Olympic gold medalist Katie Ledecky is in a league of her own. The 19-year-old swimmer regularly leaves her competitors so far in her wake that the only real competition is for second place.
On Tuesday, Ledecky held off Sweden's Sarah Sjostrom to win the 200-meter freestyle. She scored her second gold medal of the 2016 Olympics with that win.
The Bethesda, Maryland, native crushed her own world record on Sunday to win gold in the 400-meter freestyle, clocking in at three minutes, 56.46 seconds, five seconds ahead of everyone else.
"I would argue she is the world's best athlete right now," said the Mayo Clinic's Dr. Michael Joyner, an expert on human performance and exercise physiology.
Ledecky regularly beats her competition by two to three percent, meaning if the distance swimmer was a Formula 1 driver, she would win by almost three minutes. If she was a cyclist in the Tour de France, she would win by almost 40 minutes.
"You see that she has perfect alignment," Joyner said of Ledecky's swimming form. "If you watch her hand go in the water, there is almost no splash. It's textbook beautiful swimming."
The 200-meter race is actually seen as Ledecky's "off" event, the one in which she wasn't a world-record holder or a heavy favorite, and the one in which she was swimming to win and not for a specific time goal.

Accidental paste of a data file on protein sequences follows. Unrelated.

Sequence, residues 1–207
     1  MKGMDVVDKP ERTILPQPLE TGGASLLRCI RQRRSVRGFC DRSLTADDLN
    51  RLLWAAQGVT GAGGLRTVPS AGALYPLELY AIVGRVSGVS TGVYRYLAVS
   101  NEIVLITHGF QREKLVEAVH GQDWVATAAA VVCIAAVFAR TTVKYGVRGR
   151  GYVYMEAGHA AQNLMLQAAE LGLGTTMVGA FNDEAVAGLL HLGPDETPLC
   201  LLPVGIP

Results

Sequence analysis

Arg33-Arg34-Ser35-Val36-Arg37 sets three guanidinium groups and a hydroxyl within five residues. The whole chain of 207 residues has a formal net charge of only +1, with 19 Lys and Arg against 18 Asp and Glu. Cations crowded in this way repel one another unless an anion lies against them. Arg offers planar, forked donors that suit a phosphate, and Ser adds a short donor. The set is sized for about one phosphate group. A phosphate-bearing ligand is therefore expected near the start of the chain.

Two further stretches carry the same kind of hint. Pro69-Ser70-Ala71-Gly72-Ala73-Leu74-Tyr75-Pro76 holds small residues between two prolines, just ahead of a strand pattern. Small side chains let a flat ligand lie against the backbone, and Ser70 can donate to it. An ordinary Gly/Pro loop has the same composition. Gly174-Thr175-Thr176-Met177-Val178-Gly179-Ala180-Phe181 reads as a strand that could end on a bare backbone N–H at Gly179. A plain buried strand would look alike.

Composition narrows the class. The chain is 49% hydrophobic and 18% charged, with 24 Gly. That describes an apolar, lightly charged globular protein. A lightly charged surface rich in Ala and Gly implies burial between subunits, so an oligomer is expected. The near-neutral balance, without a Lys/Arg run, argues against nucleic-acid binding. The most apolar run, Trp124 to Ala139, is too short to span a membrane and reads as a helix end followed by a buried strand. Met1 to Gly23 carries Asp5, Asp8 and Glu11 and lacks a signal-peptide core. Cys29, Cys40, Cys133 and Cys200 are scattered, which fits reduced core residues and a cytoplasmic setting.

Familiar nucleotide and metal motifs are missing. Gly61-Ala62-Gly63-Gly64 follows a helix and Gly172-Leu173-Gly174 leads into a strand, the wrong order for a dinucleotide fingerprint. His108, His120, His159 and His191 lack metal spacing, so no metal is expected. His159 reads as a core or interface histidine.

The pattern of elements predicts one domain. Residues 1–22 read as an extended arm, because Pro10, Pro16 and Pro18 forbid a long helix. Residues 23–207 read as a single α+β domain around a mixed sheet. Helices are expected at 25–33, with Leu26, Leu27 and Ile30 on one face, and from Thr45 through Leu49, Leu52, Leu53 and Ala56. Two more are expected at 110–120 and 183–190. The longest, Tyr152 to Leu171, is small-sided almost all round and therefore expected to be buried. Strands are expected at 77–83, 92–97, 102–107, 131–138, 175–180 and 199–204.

ESPN writer Wayne Drehs told ABC News the distance freestyler's 200-meter gold medal "is like having a marathon runner try to chase down Usain Bolt in a 200 yard dash."
"For her to be able to adjust her stroke rate and do the things that she needs to do to win gold in this event as well is an incredible accomplishment," Drehs added.
Ledecky's fellow USA swimmers are also in awe of her abilities. Michael Phelps, a 21-time Olympic gold medalist, called Ledecky a "stud," and 21-year-old swimmer Ryan Held said of his teammate, "She's obviously in a league of her own."
Fellow Team USA swimmer Cody Miller said of Ledecky, "She crushes it every time."
When asked just how unique Katie Ledecky's talent is, Joyner stated, "She's a one-in-seven-billion human being because there are seven billion people on earth and she's right at the top."
Ledecky will be an overwhelming favorite Thursday in the 800-meter freestyle race, for which she is the current world-record holder.